A year ago I wrote a post called “Tending Towards Fat” (now a chapter in my book) and among other things, I wrote about how pissed off I was during a trip to Nova Scotia with my husband Tim because, after a three-hour hike along some of the most spectacular shoreline in the world, I was “starving” and Tim was “not really hungry.” We had stopped for lunch at a local deli. We had gotten a couple of wrap sandwiches and he said, “boy these are huge” and that he might not be able to eat all of his.
Inside I was fuming. Not only did I think I could eat all of mine, I also knew I’d probably still be hungry afterwards. In fact I was angry that I was hungry in the first place and that Tim wasn’t. I was angry because I knew I’d be in the mood to “snack” all afternoon. I was angry because our dinner reservations weren’t until 7:30 p.m. and I didn’t want to look like a piggy after eating my “huge” sandwich. I was angry because I felt like eating out of control. I know myself well enough to know that when I feel like this, it’s usually hormonal. And that was certainly the case this time. I was able to forgive myself a little, but at the same time felt as if I had taken several steps backward.
In the end, I didn’t finish the whole sandwich, mostly because I didn’t want to eat more than Tim did, and was able to wait for dinner without dying of hunger. But I was still angry about it.
And it made me think of all the times we went on vacation and how much of that time was spent worrying about food and my body, whether it was when I weighed 225 pounds or 165 pounds. Would there be enough food? Would I eat too much? What if I gained weight? Did I look okay? What if I was too big or too scared or too unsure of myself?
Struggle, struggle struggle!
Fast forward to a week ago. Tim and I went to Bermuda. And for the first time…since I can remember? As I was packing, it occurred to me that I was not worried about gaining weight on vacation. And that doesn’t mean that I thought I would pig out, gain weight and just not care. It meant that my new normal is that I trust myself and my body, even if that meant that I didn’t exercise as much or if I ate things that I don’t normally eat (like sticky toffee bread pudding…can you say YUM?). All without worry, guilt, shame, or anger. And without gaining weight.
And so I wanted to revisit that “Tending Towards Fat” post, specifically this bit:
The Tendency of the Mind*
Inner directed…Outer directed
Attention on one thing…Attention on many things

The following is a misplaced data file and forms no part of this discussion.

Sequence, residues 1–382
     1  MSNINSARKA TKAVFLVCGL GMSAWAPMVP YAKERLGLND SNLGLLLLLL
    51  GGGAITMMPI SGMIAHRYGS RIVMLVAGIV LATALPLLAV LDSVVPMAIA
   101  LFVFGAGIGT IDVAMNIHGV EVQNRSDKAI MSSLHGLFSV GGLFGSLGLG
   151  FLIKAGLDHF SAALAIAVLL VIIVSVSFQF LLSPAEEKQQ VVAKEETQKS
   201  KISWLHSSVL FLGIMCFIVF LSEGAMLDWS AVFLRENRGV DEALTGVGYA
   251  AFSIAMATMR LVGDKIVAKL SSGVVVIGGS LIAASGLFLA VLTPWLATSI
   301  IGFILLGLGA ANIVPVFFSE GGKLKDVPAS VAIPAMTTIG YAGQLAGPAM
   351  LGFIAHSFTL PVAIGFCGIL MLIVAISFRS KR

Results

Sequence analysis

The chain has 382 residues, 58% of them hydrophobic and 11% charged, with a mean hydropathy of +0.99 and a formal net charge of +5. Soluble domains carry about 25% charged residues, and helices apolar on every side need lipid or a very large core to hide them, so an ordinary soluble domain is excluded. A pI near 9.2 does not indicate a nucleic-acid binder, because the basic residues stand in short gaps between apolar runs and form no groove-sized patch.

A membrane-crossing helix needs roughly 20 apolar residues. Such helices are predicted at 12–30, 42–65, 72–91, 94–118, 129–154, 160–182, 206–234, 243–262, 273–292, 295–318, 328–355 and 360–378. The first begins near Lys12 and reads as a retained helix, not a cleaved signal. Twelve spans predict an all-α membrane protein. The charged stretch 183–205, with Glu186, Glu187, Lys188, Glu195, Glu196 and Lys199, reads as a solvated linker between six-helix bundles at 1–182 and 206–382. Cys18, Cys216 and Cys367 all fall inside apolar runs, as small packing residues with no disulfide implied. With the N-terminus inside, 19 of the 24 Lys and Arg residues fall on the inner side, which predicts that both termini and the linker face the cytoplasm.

Linear thought/speech…Modular thought/speech
Sees process…Sees goal
Planned gratification…Instant gratification
Aware of self…Aware of others
Prefers solitude…Prefers company
Emotionally open…Emotionally guarded
A year ago, in response to this, I wrote:
WOW! With few exceptions, my mind tends towards “fat” (and Tim certainly tends towards “thin”). On some level, I know that this is part of my problem and that these “fat” tendencies are things I want to change. Not because I think I am a bad person because of them, but because I don’t feel good inside when my life trends in the “fat” direction. And my life has been trending in that direction for a couple of years now. I know the answer lies in setting a goal, something that until now, I have not wanted to do. Stay tuned though, because I am about to set a goal!
When I look at this now I have to laugh because, even though it says that “fat” is associated with goals, and even though I have always hated setting goals, I still believed that I had to set one!!
In fact, I had a recent light bulb moment about goals and why I hate them. For pretty much all of my life, I didn’t know what *I* wanted. I didn’t know how to even figure it out or articulate it. I constantly looked outside myself for advice, validation, and so on. Please someone just tell me what to do!!
And so, because I didn’t know better, I would take on other people’s dreams and goals as my own. And the minute I did so, I’d slam on the mental brakes because I didn’t really want that goal. And then I’d beat myself up because I thought there was something wrong with me. You know how it goes…
Now I am tending towards thin: I am more focused, more inner directed, more patient, more tenacious, I am all about process, I am more aware of myself, I am calmer, I prefer solitude, and I am more emotionally open.
That said, I freely admit that I still have some “tending towards fat” behaviors: I tend to be distracted, I pay attention to many things (at once), I do not think/speak linearly, and I am spontaneous. I guess it’s a good thing that I don’t take these things as seriously as I once did…or at the very least don’t think I need to fix them.
*from a book called Act Thin, Be Thin by Howard Richman